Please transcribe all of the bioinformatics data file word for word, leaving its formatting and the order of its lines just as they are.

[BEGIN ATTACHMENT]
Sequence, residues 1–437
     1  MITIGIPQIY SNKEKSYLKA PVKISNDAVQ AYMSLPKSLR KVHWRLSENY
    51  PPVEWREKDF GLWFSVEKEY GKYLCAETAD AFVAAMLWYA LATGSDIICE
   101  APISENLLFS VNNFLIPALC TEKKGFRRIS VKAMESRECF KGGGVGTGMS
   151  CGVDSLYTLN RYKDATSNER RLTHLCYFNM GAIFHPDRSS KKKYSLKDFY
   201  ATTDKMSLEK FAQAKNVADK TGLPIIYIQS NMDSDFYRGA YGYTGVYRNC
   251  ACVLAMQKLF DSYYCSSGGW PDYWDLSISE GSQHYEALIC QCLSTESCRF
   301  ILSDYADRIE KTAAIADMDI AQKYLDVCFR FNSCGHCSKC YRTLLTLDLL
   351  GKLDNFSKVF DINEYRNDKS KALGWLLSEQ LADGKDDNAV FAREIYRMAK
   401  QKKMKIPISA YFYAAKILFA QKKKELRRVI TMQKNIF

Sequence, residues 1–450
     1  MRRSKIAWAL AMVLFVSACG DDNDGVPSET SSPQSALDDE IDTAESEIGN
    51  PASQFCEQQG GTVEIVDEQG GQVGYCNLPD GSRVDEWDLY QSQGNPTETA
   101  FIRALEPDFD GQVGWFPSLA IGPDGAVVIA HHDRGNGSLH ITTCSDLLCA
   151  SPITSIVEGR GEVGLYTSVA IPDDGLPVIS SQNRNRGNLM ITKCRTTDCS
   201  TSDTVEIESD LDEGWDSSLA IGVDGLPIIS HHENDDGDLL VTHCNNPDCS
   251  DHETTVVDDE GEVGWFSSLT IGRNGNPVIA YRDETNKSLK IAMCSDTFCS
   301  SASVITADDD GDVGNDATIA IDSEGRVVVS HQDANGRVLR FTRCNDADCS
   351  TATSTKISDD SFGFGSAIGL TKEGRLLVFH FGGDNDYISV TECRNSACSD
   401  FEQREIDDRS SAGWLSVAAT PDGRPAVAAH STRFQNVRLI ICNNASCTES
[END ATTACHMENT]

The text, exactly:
Sequence, residues 1–437
     1  MITIGIPQIY SNKEKSYLKA PVKISNDAVQ AYMSLPKSLR KVHWRLSENY
    51  PPVEWREKDF GLWFSVEKEY GKYLCAETAD AFVAAMLWYA LATGSDIICE
   101  APISENLLFS VNNFLIPALC TEKKGFRRIS VKAMESRECF KGGGVGTGMS
   151  CGVDSLYTLN RYKDATSNER RLTHLCYFNM GAIFHPDRSS KKKYSLKDFY
   201  ATTDKMSLEK FAQAKNVADK TGLPIIYIQS NMDSDFYRGA YGYTGVYRNC
   251  ACVLAMQKLF DSYYCSSGGW PDYWDLSISE GSQHYEALIC QCLSTESCRF
   301  ILSDYADRIE KTAAIADMDI AQKYLDVCFR FNSCGHCSKC YRTLLTLDLL
   351  GKLDNFSKVF DINEYRNDKS KALGWLLSEQ LADGKDDNAV FAREIYRMAK
   401  QKKMKIPISA YFYAAKILFA QKKKELRRVI TMQKNIF

Sequence, residues 1–450
     1  MRRSKIAWAL AMVLFVSACG DDNDGVPSET SSPQSALDDE IDTAESEIGN
    51  PASQFCEQQG GTVEIVDEQG GQVGYCNLPD GSRVDEWDLY QSQGNPTETA
   101  FIRALEPDFD GQVGWFPSLA IGPDGAVVIA HHDRGNGSLH ITTCSDLLCA
   151  SPITSIVEGR GEVGLYTSVA IPDDGLPVIS SQNRNRGNLM ITKCRTTDCS
   201  TSDTVEIESD LDEGWDSSLA IGVDGLPIIS HHENDDGDLL VTHCNNPDCS
   251  DHETTVVDDE GEVGWFSSLT IGRNGNPVIA YRDETNKSLK IAMCSDTFCS
   301  SASVITADDD GDVGNDATIA IDSEGRVVVS HQDANGRVLR FTRCNDADCS
   351  TATSTKISDD SFGFGSAIGL TKEGRLLVFH FGGDNDYISV TECRNSACSD
   401  FEQREIDDRS SAGWLSVAAT PDGRPAVAAH STRFQNVRLI ICNNASCTES